The Odyssey of Sea Turtles - The exhibition
MARTIN COLOGNOLI - CORAL GUARDIAN
The Coral Guardian association exhibits the coral at the Oceanographic Museum of Monaco
The CORAIL photographic exhibition allows us to discover the remarkable story of traditional Indonesian fishermen, from the small island of Serava Besar off the west coast of the island of Flores, protecting and restoring the destroyed ecosystem on which they directly depend for their livelihood: the coral reef. This island is located in the centre of the Coral Triangle, the epicentre of the planet’s marine biodiversity . 6 million km², 76% of the coral species, and 56% of the coral reef fish in the Indo-Pacific region. It has more biodiversity than anywhere else in the world.
The CORAIL photographic exhibition will run from June 20, 2020 to January 3, 2022.
In 2012, Martin Colognoli, a marine biologist, co-founded Coral Guardian, a French non-profit association under the 1901 law. Coral Guardian is dedicated to the conservation of coral ecosystems thanks to the local communities that depend on them, to raise awareness and to participate in scientific discoveries.
Survivors from the dinosaur era
More than twenty large-format images immerse visitors in the fragile world of coral reefs, highlighting the harmony between humans and nature: a message that is both urgent and full of hope.
You tell me, I forget. You teach me, I remember. You involve me, I learn.
Coral Guardian is distinguished by the development of concrete actions of reef restoration on the ground involving local populations. Through its actions, the association has acquired a unique experience in the field. The involvement of the people who depend directly on these ecosystems has allowed the creation of a sustainable restoration model based on science and practice. Indeed, the commitment of the main stakeholders is a key factor for success. The projects then have a lasting and concrete impact on the situation of the communities, who take ownership of them.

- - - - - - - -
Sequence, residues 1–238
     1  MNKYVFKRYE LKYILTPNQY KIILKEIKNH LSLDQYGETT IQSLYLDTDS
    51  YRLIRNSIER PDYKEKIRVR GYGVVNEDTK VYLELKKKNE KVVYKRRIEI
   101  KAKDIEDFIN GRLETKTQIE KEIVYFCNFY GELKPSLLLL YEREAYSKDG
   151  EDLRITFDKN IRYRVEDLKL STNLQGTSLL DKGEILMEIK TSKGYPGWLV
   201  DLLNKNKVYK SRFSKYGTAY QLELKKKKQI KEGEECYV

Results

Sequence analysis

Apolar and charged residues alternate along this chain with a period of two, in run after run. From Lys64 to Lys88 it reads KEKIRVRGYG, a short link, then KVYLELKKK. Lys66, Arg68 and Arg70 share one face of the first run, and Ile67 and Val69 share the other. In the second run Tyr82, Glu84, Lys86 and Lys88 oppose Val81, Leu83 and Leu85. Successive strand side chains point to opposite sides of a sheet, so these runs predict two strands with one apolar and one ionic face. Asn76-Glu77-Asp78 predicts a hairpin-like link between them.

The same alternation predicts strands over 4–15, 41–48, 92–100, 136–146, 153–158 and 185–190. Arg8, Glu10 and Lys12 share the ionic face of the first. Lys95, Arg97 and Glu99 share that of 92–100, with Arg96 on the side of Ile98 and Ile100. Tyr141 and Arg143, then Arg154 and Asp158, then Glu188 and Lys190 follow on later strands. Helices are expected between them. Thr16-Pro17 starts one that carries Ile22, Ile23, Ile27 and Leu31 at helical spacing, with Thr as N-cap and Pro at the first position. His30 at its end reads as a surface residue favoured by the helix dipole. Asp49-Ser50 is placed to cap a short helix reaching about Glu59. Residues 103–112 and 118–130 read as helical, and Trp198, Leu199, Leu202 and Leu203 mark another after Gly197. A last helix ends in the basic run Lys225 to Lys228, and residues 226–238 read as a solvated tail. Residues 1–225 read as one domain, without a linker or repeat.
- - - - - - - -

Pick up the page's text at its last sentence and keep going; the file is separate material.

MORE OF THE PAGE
We are the solution
Rising water temperatures, sea levels and ocean acidity (effects of climate change) are threatening coral reefs around the world. Scientists estimate that we could lose up to 70% of the world’s coral reefs in the next 50 years. Overfishing and highly destructive fishing techniques, such as bomb fishing and cyanide, are responsible for depleting fish stocks to a level that may be irreversible. Despite the growing threats, there is hope. The reefs of the Coral Triangle have survived for millions of years and some species are coping surprisingly well with the effects of climate change. This is why the Coral Triangle holds secrets that raise hope among scientists. The greatest source of hope for the Coral Triangle is its people who depend on it so heavily.
To be discovered in the staircase of the Princess-Alice Hall...
The team is in the midst of transplantation. The coral colonies are fragmented and then firmly attached to the metal support. One month later, these corals will have, thanks to their calcareous skeleton, enveloped the structure to fix themselves and will then begin their growth towards the sun.
In this island fishing village, fish is the main source of protein. The average consumption is 4 to 5 kilos per day to feed a family. The fish species consumed are mostly dependent on the coral reef.
The evolution of an area restored in just three years. This is a perfect illustration of the return of the coral reef to an area where the bottom is constantly moving. These structures provide solid support for transplanted colonies. The environmental conditions are favourable for the return of life.